Multi-scale patterns of moss and lichen richness on the Antarctic Peninsula


P. Casanovas, Dept of Biology, Univ. of Maryland, College Park, MD 20742, USA. E-mail:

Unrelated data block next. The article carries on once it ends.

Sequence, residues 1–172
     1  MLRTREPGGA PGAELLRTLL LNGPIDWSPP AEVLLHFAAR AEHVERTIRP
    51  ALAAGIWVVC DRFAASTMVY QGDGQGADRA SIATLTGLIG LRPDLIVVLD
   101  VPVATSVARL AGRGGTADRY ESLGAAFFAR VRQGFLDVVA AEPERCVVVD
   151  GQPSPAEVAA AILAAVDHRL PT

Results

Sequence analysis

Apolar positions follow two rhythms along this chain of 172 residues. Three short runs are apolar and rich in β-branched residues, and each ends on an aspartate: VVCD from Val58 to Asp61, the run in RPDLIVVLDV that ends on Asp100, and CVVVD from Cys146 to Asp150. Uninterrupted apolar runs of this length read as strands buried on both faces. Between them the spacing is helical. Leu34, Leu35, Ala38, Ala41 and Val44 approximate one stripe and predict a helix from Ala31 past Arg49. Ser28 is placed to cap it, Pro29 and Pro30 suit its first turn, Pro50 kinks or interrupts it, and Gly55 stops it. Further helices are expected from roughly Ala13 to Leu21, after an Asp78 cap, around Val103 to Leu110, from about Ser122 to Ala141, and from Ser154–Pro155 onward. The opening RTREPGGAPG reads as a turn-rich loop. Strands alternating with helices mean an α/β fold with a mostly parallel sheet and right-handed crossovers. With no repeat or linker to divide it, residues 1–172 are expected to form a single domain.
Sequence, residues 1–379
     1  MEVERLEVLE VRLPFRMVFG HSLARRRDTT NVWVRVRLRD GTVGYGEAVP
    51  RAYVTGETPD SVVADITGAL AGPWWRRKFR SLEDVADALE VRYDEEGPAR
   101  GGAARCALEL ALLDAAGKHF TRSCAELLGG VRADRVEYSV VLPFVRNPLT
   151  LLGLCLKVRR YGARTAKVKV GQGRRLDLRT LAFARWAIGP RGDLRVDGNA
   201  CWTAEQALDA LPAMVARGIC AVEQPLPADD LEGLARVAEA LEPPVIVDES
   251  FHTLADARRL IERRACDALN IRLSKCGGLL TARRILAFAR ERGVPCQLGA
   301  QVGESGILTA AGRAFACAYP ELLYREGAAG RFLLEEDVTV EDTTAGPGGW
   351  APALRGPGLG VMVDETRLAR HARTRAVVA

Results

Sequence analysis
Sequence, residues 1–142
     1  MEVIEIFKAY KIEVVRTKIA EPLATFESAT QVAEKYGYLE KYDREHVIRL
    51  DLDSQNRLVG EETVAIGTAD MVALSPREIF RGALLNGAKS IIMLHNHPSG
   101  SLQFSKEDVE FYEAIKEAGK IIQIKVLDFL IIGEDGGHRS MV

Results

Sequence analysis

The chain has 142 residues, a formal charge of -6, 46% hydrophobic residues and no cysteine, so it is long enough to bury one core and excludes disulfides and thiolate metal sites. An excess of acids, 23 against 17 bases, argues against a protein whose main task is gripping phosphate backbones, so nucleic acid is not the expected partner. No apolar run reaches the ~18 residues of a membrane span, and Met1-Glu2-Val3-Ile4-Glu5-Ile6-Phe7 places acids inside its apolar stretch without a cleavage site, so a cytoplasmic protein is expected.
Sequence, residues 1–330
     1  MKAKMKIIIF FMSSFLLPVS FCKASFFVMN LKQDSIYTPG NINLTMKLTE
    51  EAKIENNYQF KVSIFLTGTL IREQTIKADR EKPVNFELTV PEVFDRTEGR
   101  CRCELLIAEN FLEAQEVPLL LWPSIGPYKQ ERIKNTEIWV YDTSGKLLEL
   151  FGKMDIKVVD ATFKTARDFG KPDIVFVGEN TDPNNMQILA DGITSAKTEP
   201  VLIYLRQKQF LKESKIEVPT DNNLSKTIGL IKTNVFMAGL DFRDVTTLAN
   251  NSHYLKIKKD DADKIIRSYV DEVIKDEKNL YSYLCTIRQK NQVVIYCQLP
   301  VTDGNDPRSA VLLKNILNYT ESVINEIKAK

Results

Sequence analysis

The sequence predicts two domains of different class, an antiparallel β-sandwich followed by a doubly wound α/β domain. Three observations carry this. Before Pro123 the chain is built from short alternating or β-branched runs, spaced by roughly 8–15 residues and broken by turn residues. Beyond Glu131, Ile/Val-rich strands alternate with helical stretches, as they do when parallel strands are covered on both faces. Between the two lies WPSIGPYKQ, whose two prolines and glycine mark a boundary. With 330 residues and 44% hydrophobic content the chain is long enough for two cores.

Mosses and lichens are the dominant macrophytes of the Antarctic terrestrial ecosystem. Using occurrence data from existing databases and additional published records, we analyzed patterns of moss and lichen species diversity on the Antarctic Peninsula at both a regional scale (1°latitudinal bands) and a local scale (52 and 56 individual snow- and ice-free coastal areas for mosses and lichens, respectively) to test hypothesized relationships between species diversity and environmental factors, and to identify locations whose diversity may be particularly poorly represented by existing collections and online databases. We found significant heterogeneity in sampling frequency, number of records collected, and number of species found among analysis units at the two spatial scales, and estimated species richness using projected species accumulation curves to account for potential biases stemming from sample heterogeneity. Our estimates of moss and lichen richness for the entire Antarctic Peninsula region were within 20% of the total number of known species. Area, latitude, spatial isolation, mean summer temperature, and penguin colony size were considered as potential covariates of estimated species richness. Moss richness was correlated with isolation and latitude at the local scale, while lichen richness was correlated with summer mean temperature and, for 17 sites where penguins where present with <20 000 breeding pairs, penguin colony size. At the regional scale, moss richness was correlated with temperature and latitude. Lichen richness, by contrast, was not significantly correlated with any of the variables considered at the regional scale. With the exception of temperature, which explained 91% of the variation in regional moss diversity, explained variance was very low. Our results show that patterns of moss and lichen biodiversity are highly scale-dependent and largely unexplained by the biogeographic variables found important in other systems.